3) Produce in a Professional Way. Audio quality is so important.There are so many companies that will mix & master audio for very reasonable prices so if you can’t do it yourself contract it out. Know what you can and can’t do well and fill in the gaps with professionals.

4) Encourage Engagement. Have an active presence online. We chatted with fans, did video AMAs, giveaways, anything we could to get people mentioning us in their stories or feeds. This goes back to getting your logo in front of as many people as possible!

5) Monetize. We monetize through our fan club, ad-sales on the show, merchandise sales, and touring. Early on in 2018, it was the fan club that kept us going. Ad dollars take a long time to come in and if I had to wait on ad-sales money I’m not sure our podcast would have lasted.

If you’re a brand new show, it can take six months to a year before you see real money coming in from ads. Have a plan for funding in the meantime — whether that’s a fan club, live shows, merch, anything. Just have a plan!

In your opinion what makes your podcast binge-listenable? What do you think makes your podcast unique from the others in your category? What do you think is special about you as a host, your guests, or your content?

Check out the full interview in Tracy Hazzard’s Authority Magazine article about Ashley Flowers!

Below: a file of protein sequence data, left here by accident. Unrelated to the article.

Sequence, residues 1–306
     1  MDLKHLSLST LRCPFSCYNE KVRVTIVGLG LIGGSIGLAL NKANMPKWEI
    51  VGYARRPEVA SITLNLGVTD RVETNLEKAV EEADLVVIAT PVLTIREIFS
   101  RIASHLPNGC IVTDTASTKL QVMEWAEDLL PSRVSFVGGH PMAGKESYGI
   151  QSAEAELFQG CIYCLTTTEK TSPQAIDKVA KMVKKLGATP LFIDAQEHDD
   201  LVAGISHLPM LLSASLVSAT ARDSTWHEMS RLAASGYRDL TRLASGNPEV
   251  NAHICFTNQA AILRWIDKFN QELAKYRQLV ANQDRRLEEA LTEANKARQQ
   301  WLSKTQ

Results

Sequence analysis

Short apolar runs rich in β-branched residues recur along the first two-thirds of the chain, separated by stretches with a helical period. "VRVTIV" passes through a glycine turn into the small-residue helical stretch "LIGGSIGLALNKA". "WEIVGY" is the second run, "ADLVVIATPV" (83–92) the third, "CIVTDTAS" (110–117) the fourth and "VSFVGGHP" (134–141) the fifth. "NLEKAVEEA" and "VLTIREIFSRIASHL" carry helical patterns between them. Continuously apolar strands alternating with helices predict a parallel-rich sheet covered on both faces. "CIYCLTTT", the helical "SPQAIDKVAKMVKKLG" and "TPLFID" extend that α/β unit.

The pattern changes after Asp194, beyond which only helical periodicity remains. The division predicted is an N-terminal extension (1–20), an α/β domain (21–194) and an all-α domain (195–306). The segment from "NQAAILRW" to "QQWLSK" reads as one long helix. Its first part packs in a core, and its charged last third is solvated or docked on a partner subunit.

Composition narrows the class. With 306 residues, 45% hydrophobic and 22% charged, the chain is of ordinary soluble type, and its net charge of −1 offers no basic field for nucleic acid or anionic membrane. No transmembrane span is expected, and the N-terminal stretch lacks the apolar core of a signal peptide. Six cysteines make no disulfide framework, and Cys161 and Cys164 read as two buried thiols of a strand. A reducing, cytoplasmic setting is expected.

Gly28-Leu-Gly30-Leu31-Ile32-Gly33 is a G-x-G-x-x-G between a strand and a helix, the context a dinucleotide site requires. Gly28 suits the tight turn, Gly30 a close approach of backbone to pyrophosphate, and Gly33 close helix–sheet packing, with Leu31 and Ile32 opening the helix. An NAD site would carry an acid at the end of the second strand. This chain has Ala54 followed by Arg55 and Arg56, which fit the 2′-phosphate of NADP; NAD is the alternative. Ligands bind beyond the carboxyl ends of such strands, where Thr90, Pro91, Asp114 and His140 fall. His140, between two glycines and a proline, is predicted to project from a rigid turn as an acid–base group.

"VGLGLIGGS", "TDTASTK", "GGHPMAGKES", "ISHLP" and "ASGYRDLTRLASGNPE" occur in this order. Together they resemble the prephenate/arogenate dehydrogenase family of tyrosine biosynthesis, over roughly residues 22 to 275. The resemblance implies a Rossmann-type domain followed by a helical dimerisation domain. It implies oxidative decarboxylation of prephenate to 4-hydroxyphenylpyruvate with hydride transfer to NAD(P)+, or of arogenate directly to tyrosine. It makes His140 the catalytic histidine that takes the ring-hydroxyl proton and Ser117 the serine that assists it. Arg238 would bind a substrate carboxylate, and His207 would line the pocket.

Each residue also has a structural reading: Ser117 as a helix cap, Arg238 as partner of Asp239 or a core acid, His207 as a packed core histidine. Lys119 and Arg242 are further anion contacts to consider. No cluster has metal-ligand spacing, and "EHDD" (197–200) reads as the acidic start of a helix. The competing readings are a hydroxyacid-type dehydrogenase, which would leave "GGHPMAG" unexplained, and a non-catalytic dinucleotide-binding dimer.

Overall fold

Picture of Tracy Hazzard

Tracy Hazzard

Tracy Hazzard is a former Authority Magazine and Inc. Magazine Columnist on disruptive innovation, and host of 5 top-ranked podcasts including: The Binge Factor and Feed Your Brand–one of CIO’s Top 26 Entrepreneur Podcasts. She is the co-founder of Podetize, the largest podcast post-production company in the U.S. As a content, product, and influence strategist for networks, corporations, marketing agencies, entrepreneurs, publications, speakers, authors & experts, Tracy influences and casts branded content with $2 Billion worth of innovation around the world. Her marketing methods and AI-integrated platform, provides businesses of all sizes a system to spread their authentic voices from video to podcast to blog, growing an engaged audience and growing valuable digital authority.